One such project was with Chevin Homes and their plans to convert and refurbish St Matthews House a Grade II* former school in Darley Abbey. The building is an architectural gem with an imposing classical façade containing a John Whitehurst clock. It was an early example of a purpose built school provided by the Evans family for their mill workers children A highly sensitive and important building it was crucial that changes proposed, so that the building can remain in use, are able to happen yet still enhance and reveal its heritage significance. We work closely with the councils conservation teams and Historic England to ensure that a good outcome can be found.

St. Matthew’s House, Darley Abbey

Having gained planning permission for Meadowview Homes to build 64 homes on the site of the former Glapwell Estate and hall, we have continued to work with our client on reintroducing a formal garden setting as part of the development which will contain public art, unique garden features, and a children’s play area for residents to enjoy and to link up the site to surrounding parts of the village. The public art element will be in three separate areas across the site, with a distinct design theme running through them to bring cohesion to the pieces. Meadowview Homes chose an award-winning dry stone waller Andrew Loudon who uses local materials and themes that reflect the community. He is working in collaboration with CB Arts Chris Brammall one of the leading metalworkers in the UK and responsible for the sculpture on the Chesterfield roundabout. The project was recently the subject of a feature in Derbyshire Life magazine.

Public art is also featuring at another Meadowview homes site in Stretton North Derbyshire where permission to install a bench with heritage interpretation of the nearby Roman road ‘Rykenield Street’ as part of its design is being sought.

Glapwell Nurseries
Public art at the former Glapwell Estate. Image: JSO Architectural Visualisation

The heritage team at PDP helped to inform development proposals at Middleton by Wirksworth for our client Woodhall homes ensuring sensitive designs, reflective of their historic context which was key to securing planning permission. Middleton is a delightful old lead mining village nestled in the Derbyshire Dales hills. We worked closely with Woodhall Homes and their architects to devise a bespoke design befitting of the location; one of the largest housing developments to be approved in the Dales in recent years.

Planning permission was secured for a barn conversion in Ible located within the Peak District National Park which comprised of a number of historic buildings including traditional stone and brick farmhouses, converted barns and more modern agricultural buildings. The application was accompanied by a comprehensive Heritage Report which outlined the significance of the barn which helped inform the Local Planning Authority in their assessment of the application. The barn makes a positive contribution to the landscape and the special qualities of the Peak District National Park. The retention and preservation of the building was therefore important consideration given that it is no longer in agricultural use and is slowly falling into a state of disrepair. The application proposed a new use for the barn which consequently would secure its long-term future.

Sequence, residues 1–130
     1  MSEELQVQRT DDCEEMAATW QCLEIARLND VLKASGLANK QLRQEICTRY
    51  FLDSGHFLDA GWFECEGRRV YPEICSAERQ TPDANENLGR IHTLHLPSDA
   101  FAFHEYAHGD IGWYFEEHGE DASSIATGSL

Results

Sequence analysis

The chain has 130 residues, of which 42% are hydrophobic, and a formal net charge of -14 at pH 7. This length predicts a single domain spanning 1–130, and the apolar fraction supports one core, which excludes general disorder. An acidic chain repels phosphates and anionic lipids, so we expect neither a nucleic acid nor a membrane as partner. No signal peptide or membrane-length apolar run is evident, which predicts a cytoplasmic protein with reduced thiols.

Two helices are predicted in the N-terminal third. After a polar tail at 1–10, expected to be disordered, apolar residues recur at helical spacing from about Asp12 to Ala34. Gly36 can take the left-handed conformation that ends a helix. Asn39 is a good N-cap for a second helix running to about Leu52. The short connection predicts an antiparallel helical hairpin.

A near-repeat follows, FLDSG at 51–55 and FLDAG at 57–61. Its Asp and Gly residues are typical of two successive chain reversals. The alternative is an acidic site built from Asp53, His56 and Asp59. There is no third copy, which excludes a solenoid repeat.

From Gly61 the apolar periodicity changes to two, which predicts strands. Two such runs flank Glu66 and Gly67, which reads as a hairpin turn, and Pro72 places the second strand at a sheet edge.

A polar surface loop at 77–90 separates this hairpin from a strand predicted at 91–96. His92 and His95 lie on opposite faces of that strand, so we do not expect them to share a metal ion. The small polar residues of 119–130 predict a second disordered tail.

Barn conversion, Ible in the Peak District National Park

Appeal triumph when planning permission was granted for a new access with entrance fencing and field gate and associated landscaping and hedge planting at Sherbourne Mill Turnditch, the old access was over a bridge that was subject to flooding. The main issues were the effect the new access had on the setting of the Grade II Listed Buildings known as Sherbourne Mill and Sherbourne Mill House; and the effect of the development on the landscape character of the area.We argued that there were considerable benefits that together outweigh the less than substantial harm to the designated heritage assets of which the planning inspector agreed.

Our heritage team also assisted with the successful outline planning application for the erection of up to 25 houses on Belper Road Ashbourne. The main issues were landscape impact and impact upon the character and appearance of the area and the impact on the Grade II Gate Farm, and 18th century farmhouse and attached farm buildings. With our in-house architectural team we devised a sensitive design approach which aims to assimilate with the local context.

We also enjoyed success at appeal when tasked with writing a Statement of Heritage Significance for owners of The Toll Gate House on the outskirts of Ashbourne to aid with planning permission for a home to be built on land they own adjacent to the property. You can read more about that project HERE.

This year has also seen the heritage team expand their geographical coverage. We worked further afield on projects in Staffordshire, rural Barnsley and at the Cannon Hall Estate in South Yorkshire and in the Victorian seaside town of Filey.

Jowett House Farm, Cannon Hall Estate

For updates on these projects and more information on all things planning and architecture related, as well as expert advice and opinion, sign up to receive our free Monthly Newsletter.

To discuss how we can assist with your own heritage project, please don’t hesitate to contact us on 01332 347371 or email enquiries@planningdesign.co.uk.